The coronavirus has caused millions of people around the world to quarantine to prevent the spread of the virus, but this isolation may not benefit couples in abusive or violent relationships, according to Richard Mattson, associate professor of psychology at Binghamton University. Mattson says that the increased stress caused by the pandemic may trigger aggressive behaviors in couples.
“Most experts in the field are projecting an increase in intimate partner violence (IPV) for two non-exclusive reasons," says Mattson. "The first pertains to intimate terrorism, wherein typically male perpetrators engage in severe, ongoing physical and psychological abuse and control. The quarantine – and the coronavirus pandemic more generally – facilitate intimate terrorism by several routes, such as cutting off ties from or preoccupying those who can identify victims of intimate terrorism (e.g., social workers, nurses, family), as well as by making it easier for perpetrators to surveil their partners more intensely. It is important to highlight that many of the resources available to abused partners are still up-and-running, inclusive of hotlines and shelters, and many providers are adjusting their practice to navigate the issues raised by the quarantine. I think the bigger issue is not so much the availability of support, but the ability of those abused – especially by an intimate terrorist – to actually access these supports under quarantine.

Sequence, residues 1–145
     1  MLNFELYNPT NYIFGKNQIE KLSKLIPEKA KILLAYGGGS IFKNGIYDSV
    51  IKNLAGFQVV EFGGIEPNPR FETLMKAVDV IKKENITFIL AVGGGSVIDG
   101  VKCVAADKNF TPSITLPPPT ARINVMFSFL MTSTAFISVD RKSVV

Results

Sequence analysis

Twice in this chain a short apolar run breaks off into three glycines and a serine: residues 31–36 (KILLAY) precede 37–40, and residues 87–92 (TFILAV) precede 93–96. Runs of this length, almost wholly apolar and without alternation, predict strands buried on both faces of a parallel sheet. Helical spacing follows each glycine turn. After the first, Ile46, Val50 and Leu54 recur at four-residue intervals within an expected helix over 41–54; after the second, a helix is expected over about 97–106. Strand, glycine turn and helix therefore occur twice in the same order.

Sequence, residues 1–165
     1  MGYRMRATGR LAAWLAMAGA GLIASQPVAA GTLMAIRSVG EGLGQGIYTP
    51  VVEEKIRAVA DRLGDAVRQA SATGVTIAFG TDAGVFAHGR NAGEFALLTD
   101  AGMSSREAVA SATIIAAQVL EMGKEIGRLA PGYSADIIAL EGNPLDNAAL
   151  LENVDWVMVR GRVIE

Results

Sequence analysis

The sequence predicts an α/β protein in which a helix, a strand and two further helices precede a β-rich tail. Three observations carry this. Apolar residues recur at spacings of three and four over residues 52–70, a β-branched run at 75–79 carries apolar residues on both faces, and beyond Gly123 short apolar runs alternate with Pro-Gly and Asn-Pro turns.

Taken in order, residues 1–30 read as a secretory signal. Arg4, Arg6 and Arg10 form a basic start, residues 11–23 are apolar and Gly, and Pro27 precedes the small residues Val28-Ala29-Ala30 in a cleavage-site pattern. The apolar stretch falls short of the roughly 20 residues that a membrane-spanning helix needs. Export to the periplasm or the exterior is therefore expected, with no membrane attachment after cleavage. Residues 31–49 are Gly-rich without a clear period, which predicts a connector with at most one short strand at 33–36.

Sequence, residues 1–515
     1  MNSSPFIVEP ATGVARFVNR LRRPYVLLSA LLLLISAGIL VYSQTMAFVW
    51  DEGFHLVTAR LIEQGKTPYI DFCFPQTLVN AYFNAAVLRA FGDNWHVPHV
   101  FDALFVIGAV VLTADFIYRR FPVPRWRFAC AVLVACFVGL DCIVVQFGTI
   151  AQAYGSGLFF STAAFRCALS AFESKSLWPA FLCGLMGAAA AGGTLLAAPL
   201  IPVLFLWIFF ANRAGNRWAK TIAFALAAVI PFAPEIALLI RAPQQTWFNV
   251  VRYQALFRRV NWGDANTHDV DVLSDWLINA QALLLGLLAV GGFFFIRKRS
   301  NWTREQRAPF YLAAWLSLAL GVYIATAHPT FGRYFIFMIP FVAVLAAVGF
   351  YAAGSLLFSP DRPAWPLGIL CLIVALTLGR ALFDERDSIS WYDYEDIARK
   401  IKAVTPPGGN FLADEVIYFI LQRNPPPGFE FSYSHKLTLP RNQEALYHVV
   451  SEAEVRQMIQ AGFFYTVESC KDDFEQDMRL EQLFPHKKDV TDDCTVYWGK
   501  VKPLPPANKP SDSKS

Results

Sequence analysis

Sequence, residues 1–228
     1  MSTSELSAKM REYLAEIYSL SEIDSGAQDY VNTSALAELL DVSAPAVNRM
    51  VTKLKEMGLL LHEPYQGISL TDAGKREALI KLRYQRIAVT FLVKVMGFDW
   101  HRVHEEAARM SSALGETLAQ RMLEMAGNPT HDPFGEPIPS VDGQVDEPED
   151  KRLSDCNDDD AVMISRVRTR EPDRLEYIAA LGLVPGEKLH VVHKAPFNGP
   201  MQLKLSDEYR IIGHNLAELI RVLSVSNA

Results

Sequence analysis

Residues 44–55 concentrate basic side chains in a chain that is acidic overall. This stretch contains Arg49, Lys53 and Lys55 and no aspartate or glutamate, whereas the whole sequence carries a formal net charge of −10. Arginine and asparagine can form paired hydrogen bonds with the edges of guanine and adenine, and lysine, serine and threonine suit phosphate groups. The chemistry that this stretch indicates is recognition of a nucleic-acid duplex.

“It is also important to note, however, that intimate terrorism – while extremely problematic - is far less frequent than what is referred to as ‘common’ or ‘ordinary’ couple violence. Common couple violence can result when arguments between partners escalate into an exchange of physically and/or psychologically aggressive behaviors, which are shown to be present in around 50 to 80 percent of couples, respectively. This involves the reciprocation of violence, and is linked to many of the same or deleterious outcomes as intimate terrorism (e.g., depression). Common couple violence also needs to be on our radar because, like all forms of violence, the likelihood of this kind of aggression manifesting increases in times of stress, which brings us to our second cause for concern. The coronavirus is amplifying stress in multiple ways, such as increased health or financial anxieties, potential loss of loved ones, having to take care of children and dependents, and more. Moreover, stress is likely to increase other factors with inroads to IPV, such as alcohol or drug use. These factors together are not only likely to increase aggressive behaviors for couples with a history of IPV, but may also push the needle past the tipping point for those couples who were non-violent before the crisis."
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